A paw of the bear that was killed in Kodiak on Tuesday. 

Just two days after a problem bear was shot near the dumpster on Selief Lane, another problem bear was shot in the same location Tuesday evening. 

The male bear weighed just shy of 1,200 pounds and was over 10 feet tall, according to Area Wildlife Biologist Nate Svoboda, who works for the Department of Fish and Game. Svoboda said they were unable to determine the age of the bear, but estimate it to be about 15 years old. 

“It was one of the biggest bears we’ve ever seen on the road system,” he said. 

It was the second of two bears identified by law enforcement three weeks ago as “problem bears” that should be killed because they have become habituated to human food and were therefore a danger to public safety, Svoboda said. 

The Department of Fish and Game received a report that the problem bear was spotted in a resident’s yard on Tuesday afternoon. Department staff were not able to travel to the scene, and requested Alaska Wildlife Troopers investigate the incident. 

Troopers agreed to remain near the location where the bear was spotted until the bear returned. However, they later had to leave for another call. At that time, Kodiak Police Department officers arrived at the scene. Police officers shot the bear at the Selief dumpster around 8 p.m.

After the bear was killed, R.C. Enterprises were called to the scene to transport the bear to the Department of Fish and Game facility. Law enforcement officers were unable to transport it without assistance due to its size and weight. 

A necropsy performed on Wednesday revealed the stomach of the bear was filled with trash, including plastic, Svoboda said, indicating that the bear had consumed large amounts of human garbage before it was shot.

Svoboda said the dumpster was left open on Tuesday, which likely drew the bear to the site. The dumpster was left open also on Sunday, when the first bear was shot. After the bear was shot on Sunday, Svoboda appealed to the public to refrain from leaving dumpsters unlatched and leaving trash outside of dumpsters, noting that problem bears will persist as long as trash regulations are not upheld. 

Because of the bear’s unusual size, the hide may be kept by the department for education purposes. Otherwise, it will be sold at the Fur Rondy, an annual auction where the department sells confiscated antlers and animal hides. 

Svoboda said that Tuesday evening, another bear on Sharatin Road was reported to the Department of Fish and Game. The bear will be monitored by the department, but they hope it is just a bear passing through town, and that it will not become a persistent problem. 

Nick Szabo, who lives next to the Selief dumpster, heard the shots that were fired both on Sunday and Tuesday evenings.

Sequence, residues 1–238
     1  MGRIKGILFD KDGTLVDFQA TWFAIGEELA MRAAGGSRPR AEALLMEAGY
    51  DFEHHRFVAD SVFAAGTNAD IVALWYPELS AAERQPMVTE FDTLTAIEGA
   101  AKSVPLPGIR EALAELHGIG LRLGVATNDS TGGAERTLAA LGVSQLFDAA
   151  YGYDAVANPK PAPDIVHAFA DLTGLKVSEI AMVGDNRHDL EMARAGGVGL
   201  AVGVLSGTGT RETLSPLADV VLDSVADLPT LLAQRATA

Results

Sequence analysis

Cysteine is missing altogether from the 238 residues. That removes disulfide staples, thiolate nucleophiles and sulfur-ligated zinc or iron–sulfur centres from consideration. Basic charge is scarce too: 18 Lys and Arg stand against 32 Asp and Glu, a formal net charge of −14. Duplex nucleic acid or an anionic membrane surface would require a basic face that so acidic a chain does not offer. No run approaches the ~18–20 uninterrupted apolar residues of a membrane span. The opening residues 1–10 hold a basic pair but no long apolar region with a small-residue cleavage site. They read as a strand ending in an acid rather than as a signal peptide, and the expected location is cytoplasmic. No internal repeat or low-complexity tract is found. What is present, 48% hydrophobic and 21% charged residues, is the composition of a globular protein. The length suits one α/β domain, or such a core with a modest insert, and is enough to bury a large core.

“I know quite a bit about those bears because they’ve been hanging out there for quite a while,” he said, adding that he often saw the bears while working in his driveway. “The bears aren’t aggressive, but if they are there at night and someone tries to dump their garbage, the bears may react in an unfriendly manner, and that would be unfortunate.”

Szabo said that the bears are drawn to the dumpster in the winter, when there are no wild food sources available. 

“The only reason they’re here is because they’re getting access to human food,” he said, noting that the dumpsters have bear-resistant latches on them but that some residents do not bother to close the latch. 

“I wish it hadn’t happened, but once they get conditioned to the food, you almost have no choice,” Szabo said. “I hate to see an animal destroyed when it could have been avoided by people being more careful and thoughtful about what they’re doing.”

Szabo, who is the chair of the Kodiak Island Borough Solid Waste Advisory Board, said the new solid waste removal contract, which takes effect this summer, will help curb the problem of bears becoming habituated to human food. As part of the new contract, roll carts will be removed entirely from bear-prone streets, including Selief Lane, Sharatin Road and Hillside Drive. Other Kodiak City streets will be quipped with bear-resistant roll carts.

“The roll carts we have now are a complete disaster. There’s no way to latch the lids,” Szabo said, adding that the new roll carts will “be a giant step forward as far as managing waste in the neighborhood.”

Szabo said that the new contract will remove roll carts from areas that are near to the woods because bears tend to drag trash bags into the woods and spread garbage.

“If you walk back in the woods, it looks like a landfill back in there,” he said, referring to the wooded area adjacent to Selief Lane. 

However, dumpsters will continue to attract bears if people don’t close the doors, Szabo said.

“We may have to set up dumpster sites that are farther away from what people are used to,” he said, noting that the issue will be a topic of discussion at the next Solid Waste Advisory Board meeting, scheduled for Feb. 3. The meeting is open to the public.

In addition, Szabo said that once the borough begins enforcing its code by issuing fines to residents for improper waste disposal, he hopes it will deter community members from leaving dumpsters unlatched. 

“Once you find a couple people $50, they will start to think twice about this,” he said. “I am hoping the enforcement will create better human behavior.”



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